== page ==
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In south Asia, the incidence of poverty declined moderately throughout the 1990s, but not sufficiently to reduce the absolute number of poor people, which has risen steadily since 1987. In Africa, the share of poor people has declined but the number has increased. The new estimates indicate that Africa is now the region with the largest share of people living on less than $1 a day. In the countries of the former Soviet bloc poverty has, unfortunately, risen both by share and by number. In Latin America and the Caribbean, the share of poor people has remained roughly constant over the period covered by the World Bank, but the number has increased dramatically.

That brings me to a specific aspect of the Government's policy that I want to raise. There is little point in aiming to bring the poorest in the world out of poverty if the policies that we adopt may work to lower the standards in countries that are above that level already. In other words, we want not a levelling down but a levelling up. I am worried about a proposal that is being considered by the European Commission, and I hope that the Minister can address that in his response.

In September, Pascal Lamy, the European Commissioner for trade, announced that the Commission had agreed to a proposal that will result in the world's 48 least and less developed countries--the LLDCs--being offered, in 2001, duty-free and quota-free access into the European Union for all their products except arms. When Europe's decision to support the poorest nations through trade measures was announced, it was hailed as a forward-looking--and more than required--response, which offers an end to the marginalisation of the world's poorest countries and may, it is hoped, be matched by the United States and Japan.

However, it is now becoming clear that if the proposal--which is described either as the Lamy initiative or the everything but arms initiative--is implemented without significant amendment it may seriously harm every commodity-dependent Caribbean economy, destroying much of the sugar and rice industries and damaging the rum industry's last remaining chance to compete in the EU market. It will certainly diminish further the prospects for Caribbean bananas in Europe.

The EC proposal, which remains subject to consultations and eventual agreement between European Ministers, is politically sensitive and difficult for the Caribbean region to address, and places the African, Caribbean and Pacific countries in a dilemma. The region is committed to supporting any initiative aimed at helping the world's poorest nations, as we all are, but it may not be able to accept the EC's proposals because to do so could be at the expense of the special arrangements agreed for commodities in the just-completed Kotonu partnership agreement.

Apart from threatening the future of the sugar beet and banana protocols, the Lamy initiative may also damage, perhaps terminally, the creative ideas being developed on commodity issues by the Caribbean regional negotiating machinery. To complicate matters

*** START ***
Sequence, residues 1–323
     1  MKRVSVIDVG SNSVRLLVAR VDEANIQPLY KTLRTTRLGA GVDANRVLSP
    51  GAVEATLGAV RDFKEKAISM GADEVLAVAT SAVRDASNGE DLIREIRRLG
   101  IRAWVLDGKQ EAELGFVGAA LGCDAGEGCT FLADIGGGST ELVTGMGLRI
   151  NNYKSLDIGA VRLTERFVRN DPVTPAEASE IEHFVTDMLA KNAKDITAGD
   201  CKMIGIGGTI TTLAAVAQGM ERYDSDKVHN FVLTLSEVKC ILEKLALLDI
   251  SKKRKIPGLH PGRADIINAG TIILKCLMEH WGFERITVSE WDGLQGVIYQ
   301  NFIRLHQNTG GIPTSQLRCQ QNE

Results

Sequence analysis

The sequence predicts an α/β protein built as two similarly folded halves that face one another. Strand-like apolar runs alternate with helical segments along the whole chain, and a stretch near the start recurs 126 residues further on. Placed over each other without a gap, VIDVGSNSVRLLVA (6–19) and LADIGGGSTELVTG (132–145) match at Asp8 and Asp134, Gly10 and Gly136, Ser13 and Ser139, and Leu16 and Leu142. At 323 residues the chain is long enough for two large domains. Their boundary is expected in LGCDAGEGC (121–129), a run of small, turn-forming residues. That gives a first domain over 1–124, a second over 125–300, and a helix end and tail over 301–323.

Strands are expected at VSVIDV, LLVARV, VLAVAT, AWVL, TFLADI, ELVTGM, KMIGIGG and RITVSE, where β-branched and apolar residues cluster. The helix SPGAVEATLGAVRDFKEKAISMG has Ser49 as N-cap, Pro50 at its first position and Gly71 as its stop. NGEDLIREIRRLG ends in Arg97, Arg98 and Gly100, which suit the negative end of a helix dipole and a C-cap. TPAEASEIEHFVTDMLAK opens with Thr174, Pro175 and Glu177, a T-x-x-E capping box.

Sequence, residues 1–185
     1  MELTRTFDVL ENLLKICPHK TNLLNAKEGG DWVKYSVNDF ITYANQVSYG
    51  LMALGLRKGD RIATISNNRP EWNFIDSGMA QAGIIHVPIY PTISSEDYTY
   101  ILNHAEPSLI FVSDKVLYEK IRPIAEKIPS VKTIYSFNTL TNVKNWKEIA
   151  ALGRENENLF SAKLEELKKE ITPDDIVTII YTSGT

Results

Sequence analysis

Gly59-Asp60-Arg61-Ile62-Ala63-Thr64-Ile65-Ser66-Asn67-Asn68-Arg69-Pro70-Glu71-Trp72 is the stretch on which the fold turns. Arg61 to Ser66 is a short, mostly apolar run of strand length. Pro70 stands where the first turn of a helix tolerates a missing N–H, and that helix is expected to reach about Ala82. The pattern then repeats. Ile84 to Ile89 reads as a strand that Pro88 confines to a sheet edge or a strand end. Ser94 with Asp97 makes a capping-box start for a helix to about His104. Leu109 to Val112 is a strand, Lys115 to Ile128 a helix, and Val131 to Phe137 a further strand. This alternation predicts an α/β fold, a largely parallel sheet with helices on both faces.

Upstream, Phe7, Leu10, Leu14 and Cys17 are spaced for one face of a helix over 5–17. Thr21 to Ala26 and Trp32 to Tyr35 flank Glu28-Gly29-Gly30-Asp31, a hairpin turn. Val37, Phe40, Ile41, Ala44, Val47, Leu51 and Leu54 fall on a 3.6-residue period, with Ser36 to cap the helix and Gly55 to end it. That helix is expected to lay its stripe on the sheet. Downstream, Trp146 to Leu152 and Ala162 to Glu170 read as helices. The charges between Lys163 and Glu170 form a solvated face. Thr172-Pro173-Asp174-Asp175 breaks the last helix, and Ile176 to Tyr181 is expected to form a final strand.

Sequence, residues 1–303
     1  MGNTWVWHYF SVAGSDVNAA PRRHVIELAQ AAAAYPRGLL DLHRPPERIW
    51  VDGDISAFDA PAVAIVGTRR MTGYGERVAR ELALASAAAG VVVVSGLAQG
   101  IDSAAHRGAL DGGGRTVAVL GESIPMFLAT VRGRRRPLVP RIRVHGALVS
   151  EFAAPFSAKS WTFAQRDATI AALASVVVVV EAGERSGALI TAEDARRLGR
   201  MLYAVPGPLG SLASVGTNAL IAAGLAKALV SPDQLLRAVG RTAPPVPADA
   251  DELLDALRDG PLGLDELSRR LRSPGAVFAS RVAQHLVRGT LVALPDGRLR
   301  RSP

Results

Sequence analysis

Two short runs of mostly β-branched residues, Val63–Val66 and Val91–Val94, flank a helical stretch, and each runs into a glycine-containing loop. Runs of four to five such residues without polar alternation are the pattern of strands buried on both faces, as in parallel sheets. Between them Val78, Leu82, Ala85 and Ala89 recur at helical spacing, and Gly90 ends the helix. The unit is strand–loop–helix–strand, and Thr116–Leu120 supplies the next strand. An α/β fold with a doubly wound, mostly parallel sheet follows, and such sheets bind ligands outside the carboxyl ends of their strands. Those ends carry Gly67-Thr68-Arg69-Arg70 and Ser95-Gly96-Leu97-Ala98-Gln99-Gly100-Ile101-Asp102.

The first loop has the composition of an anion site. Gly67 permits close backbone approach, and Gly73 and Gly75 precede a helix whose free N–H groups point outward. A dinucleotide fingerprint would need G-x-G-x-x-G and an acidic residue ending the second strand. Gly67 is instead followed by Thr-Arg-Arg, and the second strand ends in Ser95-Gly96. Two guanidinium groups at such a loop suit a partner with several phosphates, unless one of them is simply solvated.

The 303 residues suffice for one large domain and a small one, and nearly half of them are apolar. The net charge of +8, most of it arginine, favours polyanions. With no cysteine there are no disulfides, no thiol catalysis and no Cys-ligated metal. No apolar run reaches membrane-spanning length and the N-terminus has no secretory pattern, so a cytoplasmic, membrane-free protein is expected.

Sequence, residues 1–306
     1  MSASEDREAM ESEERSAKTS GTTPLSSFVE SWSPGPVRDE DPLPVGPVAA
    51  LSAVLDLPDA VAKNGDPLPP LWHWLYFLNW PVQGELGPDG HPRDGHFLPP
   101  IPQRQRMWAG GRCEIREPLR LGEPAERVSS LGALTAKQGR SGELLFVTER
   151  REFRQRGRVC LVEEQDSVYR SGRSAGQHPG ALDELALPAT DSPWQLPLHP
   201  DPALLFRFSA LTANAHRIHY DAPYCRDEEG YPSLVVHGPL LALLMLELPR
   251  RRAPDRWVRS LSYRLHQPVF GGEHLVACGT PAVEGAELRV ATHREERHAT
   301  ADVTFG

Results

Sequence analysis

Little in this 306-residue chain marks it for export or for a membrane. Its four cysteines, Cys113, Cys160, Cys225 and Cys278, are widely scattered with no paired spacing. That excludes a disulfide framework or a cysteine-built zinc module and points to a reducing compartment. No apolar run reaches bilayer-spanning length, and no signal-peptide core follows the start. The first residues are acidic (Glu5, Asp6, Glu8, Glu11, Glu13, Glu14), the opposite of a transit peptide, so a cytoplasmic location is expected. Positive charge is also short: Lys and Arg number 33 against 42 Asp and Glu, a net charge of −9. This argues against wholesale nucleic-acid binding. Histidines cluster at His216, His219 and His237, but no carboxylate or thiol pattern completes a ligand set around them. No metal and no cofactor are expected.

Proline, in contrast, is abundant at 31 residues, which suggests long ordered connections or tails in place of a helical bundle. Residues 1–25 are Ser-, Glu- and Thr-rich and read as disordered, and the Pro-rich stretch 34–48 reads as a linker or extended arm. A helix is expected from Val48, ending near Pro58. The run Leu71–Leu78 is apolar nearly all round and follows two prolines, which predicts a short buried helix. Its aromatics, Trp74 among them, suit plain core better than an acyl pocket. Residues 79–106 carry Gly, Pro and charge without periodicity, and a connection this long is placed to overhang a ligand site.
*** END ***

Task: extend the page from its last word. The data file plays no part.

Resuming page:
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further, the EC proposes to proceed by means of an amendment to an existing regulation, which will not require a joint decision with the European Parliament.

Mr. Wells : Is my hon. Friend aware that the Jamaican Trade Minister recently discussed the question of everything but arms with the Germans in Berlin? He told them that the Kotonu agreement, although not fully ratified by European Governments, none the less has legal effect. If the Ministers agreed to admit all goods from the least developed countries without tariff or quota, that would be illegal under the terms of the agreement. The European Union would, therefore, contravene its own agreement with the ACP if it were to go ahead.

Mrs. Gillan : My hon. Friend's point stands alone, and I hope that the Minister will be able to respond to it.

I tabled some questions earlier that were transferred to the Ministry of Agriculture, Fisheries and Food, and the Minister of State there replied that the Government believe that there is a potential inconsistency between the proposals and the regime. I hope that this matter will be pursued by all Departments involved.

While applauding whatever we can do for the least developed countries and the world's poor, we must ensure that we do not destroy the economies of other countries. It is easy for progress to be reversed. Evidence for that exists in the recently updated World Bank report, in which China has slipped backwards and the number of poor people has increased, even though, statistically, the percentage remains the same. It is so easy to fall beneath the line and return to abject poverty. I hope that the Minister will assure us that the proposals for the Caribbean would not endanger the standards of living in those small, fragile island economies.

10.43 am